Meeting recent graduates again re-interated the issue, as they have all said they have had minimal support, or guidance with regards to working in the creative sector.

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  • I graduated in 2001, but unfortunately never managed to become the next Philippe Starke as I had dreamed for so many years. While I have managed to become successful in business in part by utilising the transferable skills I gained while studying design (problem solving etc.), it still irks me that so much raw talent is going to waste each year in the UK.

    This is one of the reasons why my new business is Partumis aims to give new designers a chance to showcase their talent to the world, while earning money and seeing their designs brought to life.

    We need to nurture what we have before it’s too late and UK design goes the way of UK manufacturing.

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  • I graduated originally in 1992 with a degree in Printed Textiles into a recession and found it particularly tough to get a job as we were not prepared for the outside world with only 2 weeks of career advice for our futures while at college.

    Luckily I managed to gain both freelance and employment for the next 10 years. However disillusioned by the poor rates of pay I decided to go back to studying and gained a MSC in Clothing Marketing and Distribution and then worked as a Buyer for large Head Offices in Homewares. This was great experience for me and gave me a commercial grounding as well as sound business knowledge.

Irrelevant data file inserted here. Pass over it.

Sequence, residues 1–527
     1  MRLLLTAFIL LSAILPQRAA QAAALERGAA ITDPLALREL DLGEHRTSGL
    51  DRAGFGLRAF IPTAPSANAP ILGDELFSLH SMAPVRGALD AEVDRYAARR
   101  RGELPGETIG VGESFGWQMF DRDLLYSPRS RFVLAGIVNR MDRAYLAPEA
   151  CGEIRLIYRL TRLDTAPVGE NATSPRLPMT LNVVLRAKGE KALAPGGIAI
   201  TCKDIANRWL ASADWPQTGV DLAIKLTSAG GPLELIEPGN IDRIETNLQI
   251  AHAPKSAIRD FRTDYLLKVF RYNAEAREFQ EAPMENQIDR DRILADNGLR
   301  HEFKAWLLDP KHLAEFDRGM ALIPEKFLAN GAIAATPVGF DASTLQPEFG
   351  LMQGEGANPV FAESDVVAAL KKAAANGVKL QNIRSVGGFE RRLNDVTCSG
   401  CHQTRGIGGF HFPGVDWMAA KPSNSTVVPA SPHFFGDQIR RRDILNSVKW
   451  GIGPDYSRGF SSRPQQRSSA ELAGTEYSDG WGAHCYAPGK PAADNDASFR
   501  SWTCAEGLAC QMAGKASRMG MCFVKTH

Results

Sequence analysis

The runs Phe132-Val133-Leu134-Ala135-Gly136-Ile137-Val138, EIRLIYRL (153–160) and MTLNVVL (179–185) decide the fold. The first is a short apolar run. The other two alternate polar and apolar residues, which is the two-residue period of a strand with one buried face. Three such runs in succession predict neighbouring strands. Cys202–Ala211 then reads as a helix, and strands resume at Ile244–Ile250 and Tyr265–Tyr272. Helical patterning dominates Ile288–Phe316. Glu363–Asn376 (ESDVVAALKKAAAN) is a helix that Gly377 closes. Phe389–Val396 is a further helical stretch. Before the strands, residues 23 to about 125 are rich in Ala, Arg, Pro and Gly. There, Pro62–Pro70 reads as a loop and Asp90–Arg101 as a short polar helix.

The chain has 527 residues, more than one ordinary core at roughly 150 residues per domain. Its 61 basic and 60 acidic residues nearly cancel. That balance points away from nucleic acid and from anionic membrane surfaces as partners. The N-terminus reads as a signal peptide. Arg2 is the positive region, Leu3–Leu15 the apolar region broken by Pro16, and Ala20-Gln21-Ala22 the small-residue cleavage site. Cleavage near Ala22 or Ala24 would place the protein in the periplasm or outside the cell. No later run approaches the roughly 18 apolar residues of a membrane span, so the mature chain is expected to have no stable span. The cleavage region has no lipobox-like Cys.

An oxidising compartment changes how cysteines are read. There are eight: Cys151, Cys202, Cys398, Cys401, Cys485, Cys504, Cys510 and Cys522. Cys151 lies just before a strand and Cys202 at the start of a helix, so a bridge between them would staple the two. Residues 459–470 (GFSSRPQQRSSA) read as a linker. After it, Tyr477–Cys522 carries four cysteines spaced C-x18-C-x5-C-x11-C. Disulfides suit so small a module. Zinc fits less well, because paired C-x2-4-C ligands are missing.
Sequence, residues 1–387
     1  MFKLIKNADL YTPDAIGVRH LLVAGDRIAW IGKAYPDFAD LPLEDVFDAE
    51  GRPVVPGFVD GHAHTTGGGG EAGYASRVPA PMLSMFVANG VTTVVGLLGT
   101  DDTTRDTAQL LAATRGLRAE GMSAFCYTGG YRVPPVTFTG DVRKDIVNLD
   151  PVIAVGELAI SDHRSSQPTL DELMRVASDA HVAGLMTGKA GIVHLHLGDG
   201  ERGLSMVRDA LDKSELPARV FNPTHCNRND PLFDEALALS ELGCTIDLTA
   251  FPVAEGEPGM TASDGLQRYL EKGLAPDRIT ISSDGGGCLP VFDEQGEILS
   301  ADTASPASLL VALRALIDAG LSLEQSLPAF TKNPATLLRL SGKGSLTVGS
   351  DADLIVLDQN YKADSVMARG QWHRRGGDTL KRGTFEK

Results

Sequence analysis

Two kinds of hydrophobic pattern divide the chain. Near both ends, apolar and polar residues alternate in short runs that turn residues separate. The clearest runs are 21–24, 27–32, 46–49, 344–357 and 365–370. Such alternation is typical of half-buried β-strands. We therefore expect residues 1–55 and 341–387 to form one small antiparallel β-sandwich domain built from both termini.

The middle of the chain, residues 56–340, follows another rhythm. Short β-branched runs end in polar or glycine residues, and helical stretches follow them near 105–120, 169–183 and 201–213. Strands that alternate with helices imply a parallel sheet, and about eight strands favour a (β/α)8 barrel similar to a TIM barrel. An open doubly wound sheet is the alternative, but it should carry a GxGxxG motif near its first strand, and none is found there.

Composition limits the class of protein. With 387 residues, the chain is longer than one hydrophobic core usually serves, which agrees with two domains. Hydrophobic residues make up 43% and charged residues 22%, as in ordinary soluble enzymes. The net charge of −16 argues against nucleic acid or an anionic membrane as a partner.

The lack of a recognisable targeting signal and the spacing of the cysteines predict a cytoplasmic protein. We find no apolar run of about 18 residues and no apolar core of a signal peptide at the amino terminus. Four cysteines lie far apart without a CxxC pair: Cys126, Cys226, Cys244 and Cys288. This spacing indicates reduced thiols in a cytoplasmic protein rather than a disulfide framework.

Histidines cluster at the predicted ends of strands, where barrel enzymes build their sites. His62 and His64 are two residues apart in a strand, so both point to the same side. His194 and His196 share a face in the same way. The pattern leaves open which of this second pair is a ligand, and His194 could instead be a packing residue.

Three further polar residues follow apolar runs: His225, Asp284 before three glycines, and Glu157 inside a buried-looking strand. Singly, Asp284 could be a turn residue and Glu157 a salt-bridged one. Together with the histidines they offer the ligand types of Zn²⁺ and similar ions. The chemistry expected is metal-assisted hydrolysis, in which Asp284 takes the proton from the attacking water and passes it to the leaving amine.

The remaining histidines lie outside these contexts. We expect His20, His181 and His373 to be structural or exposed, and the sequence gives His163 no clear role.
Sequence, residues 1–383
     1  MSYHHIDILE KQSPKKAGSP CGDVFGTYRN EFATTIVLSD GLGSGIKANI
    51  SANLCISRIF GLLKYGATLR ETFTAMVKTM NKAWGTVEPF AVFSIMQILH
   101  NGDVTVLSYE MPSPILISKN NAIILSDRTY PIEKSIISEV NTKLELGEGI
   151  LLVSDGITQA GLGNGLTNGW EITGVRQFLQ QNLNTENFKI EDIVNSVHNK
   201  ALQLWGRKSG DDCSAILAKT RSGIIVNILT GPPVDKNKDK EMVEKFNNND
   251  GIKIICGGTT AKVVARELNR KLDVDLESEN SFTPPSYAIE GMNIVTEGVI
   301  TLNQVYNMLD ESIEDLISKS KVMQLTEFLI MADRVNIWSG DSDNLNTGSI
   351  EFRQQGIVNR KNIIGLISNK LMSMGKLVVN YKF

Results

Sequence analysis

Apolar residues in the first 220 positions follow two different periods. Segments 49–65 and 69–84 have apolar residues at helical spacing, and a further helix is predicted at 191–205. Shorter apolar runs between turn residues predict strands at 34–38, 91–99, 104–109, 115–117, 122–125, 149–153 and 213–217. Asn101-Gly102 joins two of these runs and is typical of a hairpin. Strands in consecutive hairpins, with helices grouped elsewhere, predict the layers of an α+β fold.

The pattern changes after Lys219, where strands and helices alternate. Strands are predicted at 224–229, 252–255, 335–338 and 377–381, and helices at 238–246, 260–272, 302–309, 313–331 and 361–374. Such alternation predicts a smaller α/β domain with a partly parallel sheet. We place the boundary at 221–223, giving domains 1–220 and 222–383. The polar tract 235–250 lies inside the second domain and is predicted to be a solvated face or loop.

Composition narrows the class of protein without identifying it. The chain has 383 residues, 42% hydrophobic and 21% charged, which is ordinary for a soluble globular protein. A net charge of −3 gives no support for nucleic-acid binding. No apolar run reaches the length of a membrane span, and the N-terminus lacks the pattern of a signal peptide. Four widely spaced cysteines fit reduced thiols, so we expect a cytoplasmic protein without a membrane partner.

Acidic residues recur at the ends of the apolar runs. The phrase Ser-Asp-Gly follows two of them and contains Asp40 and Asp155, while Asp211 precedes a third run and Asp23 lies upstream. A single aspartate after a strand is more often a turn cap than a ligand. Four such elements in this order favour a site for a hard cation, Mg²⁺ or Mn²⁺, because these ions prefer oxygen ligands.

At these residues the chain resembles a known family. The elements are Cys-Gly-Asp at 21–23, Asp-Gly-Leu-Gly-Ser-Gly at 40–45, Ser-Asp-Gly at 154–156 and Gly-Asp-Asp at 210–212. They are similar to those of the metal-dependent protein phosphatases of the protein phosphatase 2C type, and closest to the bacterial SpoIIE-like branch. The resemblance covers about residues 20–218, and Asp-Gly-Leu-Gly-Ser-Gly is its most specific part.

I now run my own company producing print led collections for children and really feel that if it was not for my MSC and buying experience I would be able to even contemplate going down this path.

    I am saddened to hear that it is still tough for graduates to gain employment particularly in design areas. I am one of the few who has stuck with design instead of becoming a teacher as most seem to do. It seems a real shame that more is not done to help and guide talented people to find jobs in design.

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  • As a response to Janet's comment from 5 Sept:

    How is calling people "talentless hacks" proving a point? Being an artist or a designer is a decision, a personal journey. And getting a job has not much to do with being arrogant enough to consider oneself one of the most talented people in the class.

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  • Talking as CD I honestly feel it's important to support talent of the future, it's a crying shame so much creative talent is lost to other industries. As such I've regularly offered placements (often paying expenses).
    Given the amount of time myself and the team inevitably invest in such ventures I have been very selective.
    Yet still many lacked basic layout skills, and more frighteningly the passion and desire to learn – is this a culture thing?
    We all know this industry is not for the faint hearted (or the nine to fivers!) and I genuinely believe you'll only succeed if you are both talented and 100% committed.
    I would love the opportunity to support and nurture rising stars
    My question - how do I find them?